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People often forget that analytics tools were once used for diagnostics. Diagnostics features can be handy for reaching a consensus on tasks like updating a website or similar.   

With so many teams now working from home, maintaining a journal like the one in the Google Analytics annotation feature can provide transparency that helps align remote analysts, managers and technical personnel.

Add Context to Google Analytics Reports With Annotations

Annotations is a text box feature where teams can share updates and report conclusions, helping all stakeholders keep an eye on historical trends and campaign changes. Without annotations a team would have limited insights into the marketing or technical events that impact the reporting. The annotation manager gives a practical context to data, making site and campaign maintenance easier.

Annotations appear at the bottom of the timeline graph of any standard Google Analytics report. When you click on a point along the timeline, a dropbox appears. The dropbox displays a date box, displaying the date you selected and a text box in which you can then enter the description of the technical or campaign issues.  

Tabs containing the annotation notes appear along the bottom of the timeline graph. Clicking on the tabs reveals the annotation text and dates for anyone who has access to the reports. Associating the notes within specific points in the data provides a clearer picture of what may be happening. 

The notes remain visible on any report, helping you see the note context against the report results.

A visibility setting next to the annotation text can set notes to shared or private. The private setting means notes appear only for that user, allowing personal analysis, while the shared setting provides visibility into notes to anyone who has report access.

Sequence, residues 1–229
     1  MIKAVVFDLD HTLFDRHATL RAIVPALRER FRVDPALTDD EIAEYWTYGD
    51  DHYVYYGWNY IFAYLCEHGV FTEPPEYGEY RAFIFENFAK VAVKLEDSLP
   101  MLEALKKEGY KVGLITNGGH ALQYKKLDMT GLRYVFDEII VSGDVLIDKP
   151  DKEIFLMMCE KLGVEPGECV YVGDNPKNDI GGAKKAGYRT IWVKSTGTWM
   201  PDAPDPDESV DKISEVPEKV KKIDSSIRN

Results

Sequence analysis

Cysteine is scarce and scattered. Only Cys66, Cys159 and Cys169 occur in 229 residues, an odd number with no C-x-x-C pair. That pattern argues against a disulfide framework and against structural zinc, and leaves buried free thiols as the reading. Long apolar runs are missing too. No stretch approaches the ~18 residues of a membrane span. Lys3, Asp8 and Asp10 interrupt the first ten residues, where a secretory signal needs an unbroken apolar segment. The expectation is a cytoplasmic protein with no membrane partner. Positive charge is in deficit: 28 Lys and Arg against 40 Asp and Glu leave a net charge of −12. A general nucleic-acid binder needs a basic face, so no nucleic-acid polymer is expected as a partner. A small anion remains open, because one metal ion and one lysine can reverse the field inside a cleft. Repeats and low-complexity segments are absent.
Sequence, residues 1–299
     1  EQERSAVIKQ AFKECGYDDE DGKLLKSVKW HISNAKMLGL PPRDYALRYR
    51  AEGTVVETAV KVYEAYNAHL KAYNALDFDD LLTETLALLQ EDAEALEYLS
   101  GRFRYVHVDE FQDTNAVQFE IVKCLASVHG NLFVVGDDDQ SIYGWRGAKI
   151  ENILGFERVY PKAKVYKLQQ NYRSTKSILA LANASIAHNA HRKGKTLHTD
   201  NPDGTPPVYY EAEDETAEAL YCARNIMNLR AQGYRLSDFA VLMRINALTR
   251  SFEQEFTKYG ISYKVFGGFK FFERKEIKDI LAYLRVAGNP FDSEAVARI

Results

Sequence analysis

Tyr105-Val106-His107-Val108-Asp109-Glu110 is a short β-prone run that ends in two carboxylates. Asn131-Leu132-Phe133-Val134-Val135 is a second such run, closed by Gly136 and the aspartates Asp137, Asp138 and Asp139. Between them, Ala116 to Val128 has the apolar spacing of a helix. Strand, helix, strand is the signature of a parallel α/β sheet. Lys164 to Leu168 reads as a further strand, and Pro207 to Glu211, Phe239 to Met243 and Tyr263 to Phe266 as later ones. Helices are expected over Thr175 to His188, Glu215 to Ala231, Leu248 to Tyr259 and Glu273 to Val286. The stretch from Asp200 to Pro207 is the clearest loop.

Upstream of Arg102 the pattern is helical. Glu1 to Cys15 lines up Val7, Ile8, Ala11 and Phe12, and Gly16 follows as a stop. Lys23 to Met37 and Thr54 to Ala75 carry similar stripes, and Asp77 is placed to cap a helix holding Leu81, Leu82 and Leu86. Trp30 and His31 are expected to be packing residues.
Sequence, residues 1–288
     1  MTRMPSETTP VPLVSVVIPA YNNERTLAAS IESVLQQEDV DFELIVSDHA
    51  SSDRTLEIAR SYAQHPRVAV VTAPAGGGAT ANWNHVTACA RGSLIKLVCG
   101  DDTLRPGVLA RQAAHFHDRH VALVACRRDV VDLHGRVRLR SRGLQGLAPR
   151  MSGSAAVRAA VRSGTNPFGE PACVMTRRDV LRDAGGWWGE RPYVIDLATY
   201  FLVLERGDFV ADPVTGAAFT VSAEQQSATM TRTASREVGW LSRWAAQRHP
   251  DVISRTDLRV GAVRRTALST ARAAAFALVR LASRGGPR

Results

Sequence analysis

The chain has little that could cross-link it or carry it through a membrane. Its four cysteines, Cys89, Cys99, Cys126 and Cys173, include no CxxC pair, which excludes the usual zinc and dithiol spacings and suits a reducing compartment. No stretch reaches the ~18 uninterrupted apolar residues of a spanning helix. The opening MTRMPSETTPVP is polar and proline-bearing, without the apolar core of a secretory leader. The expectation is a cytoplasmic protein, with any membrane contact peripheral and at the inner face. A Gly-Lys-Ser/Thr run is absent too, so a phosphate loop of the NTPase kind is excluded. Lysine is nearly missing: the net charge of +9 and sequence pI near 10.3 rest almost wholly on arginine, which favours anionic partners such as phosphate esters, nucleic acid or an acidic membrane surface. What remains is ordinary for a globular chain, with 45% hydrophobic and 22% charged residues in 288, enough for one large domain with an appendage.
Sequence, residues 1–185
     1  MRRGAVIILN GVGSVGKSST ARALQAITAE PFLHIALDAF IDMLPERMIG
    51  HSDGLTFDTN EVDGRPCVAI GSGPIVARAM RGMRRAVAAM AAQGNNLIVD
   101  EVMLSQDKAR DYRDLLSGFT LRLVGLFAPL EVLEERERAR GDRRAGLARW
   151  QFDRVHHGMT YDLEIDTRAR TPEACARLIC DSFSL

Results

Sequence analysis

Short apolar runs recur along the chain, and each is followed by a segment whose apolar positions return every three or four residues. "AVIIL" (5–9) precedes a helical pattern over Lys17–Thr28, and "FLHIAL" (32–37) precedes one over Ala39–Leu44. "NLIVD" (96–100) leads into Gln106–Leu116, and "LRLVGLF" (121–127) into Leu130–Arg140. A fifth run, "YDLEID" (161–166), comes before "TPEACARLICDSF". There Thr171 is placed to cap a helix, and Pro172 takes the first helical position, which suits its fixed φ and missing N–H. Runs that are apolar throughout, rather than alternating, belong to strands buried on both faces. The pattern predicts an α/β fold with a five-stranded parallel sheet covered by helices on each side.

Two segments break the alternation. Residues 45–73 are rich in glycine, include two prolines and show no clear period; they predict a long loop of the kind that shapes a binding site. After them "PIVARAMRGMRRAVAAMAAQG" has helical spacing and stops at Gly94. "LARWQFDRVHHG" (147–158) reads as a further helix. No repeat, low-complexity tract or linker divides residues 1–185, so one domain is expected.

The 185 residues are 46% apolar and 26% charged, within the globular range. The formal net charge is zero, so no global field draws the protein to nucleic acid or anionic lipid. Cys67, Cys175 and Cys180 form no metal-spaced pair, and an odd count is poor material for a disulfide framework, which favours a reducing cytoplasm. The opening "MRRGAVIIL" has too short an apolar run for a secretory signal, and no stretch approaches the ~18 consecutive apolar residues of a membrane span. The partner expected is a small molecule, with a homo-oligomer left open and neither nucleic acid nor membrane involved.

Admins have access to an annotation manager under the view column. The annotation manager offers a special advantage: admins can add comments for future events, such as upcoming campaign start dates or events. This can help down the line when comparing traffic against real world events.

Related Article: What Are the Bare Necessities of a Remote Marketing Team?

Annotations Bring the Big Picture Into Focus

At this point you may be thinking, “What comments should I type in an annotation note?”

Usually notes are used to explain the potential cause for a spike in traffic, or a change in traffic due to a marketing campaign, when website or app changes were  made, as well as whenever technical issues arise.  

One of the best ideas I've heard for organizing notes came in an old podcast featuring visualization expert Lea Pica and Jim Sterne, founding member of the Digital Analytics Association. Sterne and Pica were not speaking about Google Analytics explicitly, but their conversation offered some good tips on using annotations to explain a narrative. Narratives help with remote teams as they keep teammates organized without having to slow down too much to re-explain details.

In the podcast, Sterne and Pica suggest keeping explanations simple so people can take action (They have a great discussion on what challenges occur in presentations. Sterne shares a good analogy to make clear why you shouldn't fall into the trap of explaining how hard something is.)

A good annotation should help simplify the core details of the condition associated with the data and what should be done. Your team can start with a short description that explains the issue, followed by another that gets into the tactics adopted as a result of the data.

The comments should ultimately help the team see a shared big picture narrative so they can rally around activities to improve results. The group will share an understanding of how the analytics is being managed, while better identifying the time required for immediate and technical tasks that impact the business.  

Annotations have been available since the inception of Google Analytics. Collaboration and productivity through analytics has become more complicated over that time, but with the right approach to using annotations for communication, users will make the most of marketing opportunities while working remote. 

Related Article: How to Build a Successful Data Analytics Team